Water, the third number in the "Elemental Trilogy" of writer/director Deepa Mehta, will be screened this weekend at the Winona Film Society, the last of their fall offerings. This is a beautifully made film, touching on several important matters, resonating with the viewer well past its end. Surrounded by controversy while it was being made, the movie forces us to confront uncomfortable truths.
Set in India in 1938, the story takes place largely in an ashram for widows who have been forced, given their society's tradition-bound mores, into an existence they characterize as hell, or a half life. Ancient law decrees that the wife must either throw herself on her dead husband's bier or retire from the world to live a life of chastity, supporting themselves by begging.
We are brought into this unnatural world via a young girl, Chuyia (Sarala), who is forced into this life, uncomprehending that this will be her lot, thinking her parents will come for her. She is disabused of that hope by the ashram's servant, Shakuntala (Seema Biswas, in a wonderfully complex role). Shortly thereafter, Chuyia is befriended by Kalyani (the luminous Lisa Ray), a young beauty whom the head of the ashram, Madhumati (Manorma), has sent off to various men as a prostitute, telling her that her earnings are crucial to the place's existence.
When a young, well-to-do law student, Narayan (John Abraham) accidentally meets and is smitten by Kalyani, the Romeo and Juliet story at the heart of the plot is set in motion. But their star-crossed lives intertwine with others, Mehta skillfully opening up the single relationship to comment upon liberation"”of women, of the nation, of the self. Water becomes not only a repeated and beautiful background for the action but a rich symbol"”of cleansing, of vitality, of death.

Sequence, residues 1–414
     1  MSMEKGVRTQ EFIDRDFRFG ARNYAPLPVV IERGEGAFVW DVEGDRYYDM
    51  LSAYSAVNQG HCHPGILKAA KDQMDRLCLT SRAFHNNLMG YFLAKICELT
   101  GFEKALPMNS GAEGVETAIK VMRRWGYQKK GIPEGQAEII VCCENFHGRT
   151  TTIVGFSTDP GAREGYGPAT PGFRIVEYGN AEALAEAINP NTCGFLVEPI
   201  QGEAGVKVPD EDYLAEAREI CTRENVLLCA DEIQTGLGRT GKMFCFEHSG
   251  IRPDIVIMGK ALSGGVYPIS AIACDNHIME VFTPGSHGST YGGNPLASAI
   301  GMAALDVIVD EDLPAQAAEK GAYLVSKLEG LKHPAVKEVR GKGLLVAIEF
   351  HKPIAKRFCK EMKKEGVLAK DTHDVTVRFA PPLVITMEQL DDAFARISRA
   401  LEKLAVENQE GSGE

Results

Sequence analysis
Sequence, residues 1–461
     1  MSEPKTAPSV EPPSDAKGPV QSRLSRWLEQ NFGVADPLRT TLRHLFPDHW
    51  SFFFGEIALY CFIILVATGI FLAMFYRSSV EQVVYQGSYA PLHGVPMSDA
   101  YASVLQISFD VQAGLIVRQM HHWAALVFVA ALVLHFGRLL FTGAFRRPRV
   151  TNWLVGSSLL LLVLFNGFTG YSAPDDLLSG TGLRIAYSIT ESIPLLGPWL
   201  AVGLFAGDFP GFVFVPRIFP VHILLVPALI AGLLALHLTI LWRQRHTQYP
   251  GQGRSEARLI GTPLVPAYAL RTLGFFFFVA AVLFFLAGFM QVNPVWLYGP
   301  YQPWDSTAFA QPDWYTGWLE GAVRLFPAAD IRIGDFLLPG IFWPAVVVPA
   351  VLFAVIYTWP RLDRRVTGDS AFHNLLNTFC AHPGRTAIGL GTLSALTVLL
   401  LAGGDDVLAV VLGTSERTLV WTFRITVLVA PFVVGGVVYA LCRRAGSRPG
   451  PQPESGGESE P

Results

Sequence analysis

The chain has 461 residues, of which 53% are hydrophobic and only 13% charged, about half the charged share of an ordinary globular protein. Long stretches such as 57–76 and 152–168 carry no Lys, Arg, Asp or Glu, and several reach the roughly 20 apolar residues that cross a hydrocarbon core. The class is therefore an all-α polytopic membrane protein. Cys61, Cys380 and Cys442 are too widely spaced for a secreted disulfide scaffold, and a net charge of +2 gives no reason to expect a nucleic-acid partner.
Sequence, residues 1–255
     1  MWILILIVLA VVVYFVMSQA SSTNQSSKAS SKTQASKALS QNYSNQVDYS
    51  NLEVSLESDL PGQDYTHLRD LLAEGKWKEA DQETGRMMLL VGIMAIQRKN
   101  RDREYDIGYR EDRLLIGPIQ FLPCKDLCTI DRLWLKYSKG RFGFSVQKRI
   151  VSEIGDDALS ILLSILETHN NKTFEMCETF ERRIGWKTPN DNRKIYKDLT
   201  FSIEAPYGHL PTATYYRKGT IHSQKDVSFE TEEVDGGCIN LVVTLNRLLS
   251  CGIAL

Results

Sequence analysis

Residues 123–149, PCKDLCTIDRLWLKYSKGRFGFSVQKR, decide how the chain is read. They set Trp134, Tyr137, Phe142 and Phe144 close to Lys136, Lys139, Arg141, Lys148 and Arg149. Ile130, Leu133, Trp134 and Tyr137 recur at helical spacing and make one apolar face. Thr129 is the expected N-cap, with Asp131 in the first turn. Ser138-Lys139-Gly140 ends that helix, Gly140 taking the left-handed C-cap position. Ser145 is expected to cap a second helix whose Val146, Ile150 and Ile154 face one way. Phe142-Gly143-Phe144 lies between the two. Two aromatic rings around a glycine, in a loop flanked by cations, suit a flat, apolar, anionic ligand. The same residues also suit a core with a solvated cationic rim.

Those who know even a little about Hinduism will appreciate the references to various beliefs and taboos Mehta works in, giving the story a further dimension. But that knowledge is certainly not a prerequisite to understanding and enjoying the film. Mehta sets the action against the broad social changes embodied by Mahatma Ghandi, whose appearance at the story's end gives it the only hope of redemption.
Water is rated PG-13, appropriately. It's in Hindi, with English subtitles, and the film's soundtrack features excellent Indian music, played on sitar, tabla, and other traditional instruments. At its close, we are told that, as of 2001, an estimated 34 million widows in India included many who lived as do those depicted in the story.
Water will be screened on Friday and Saturday nights at 7 p.m. and on Sunday at 8 p.m. All screenings are at the Winona Arts Center, located at the corner of East Fifth and Franklin Streets; admission is $6. Desserts provided by the Blue Heron Coffeehouse are available for purchase.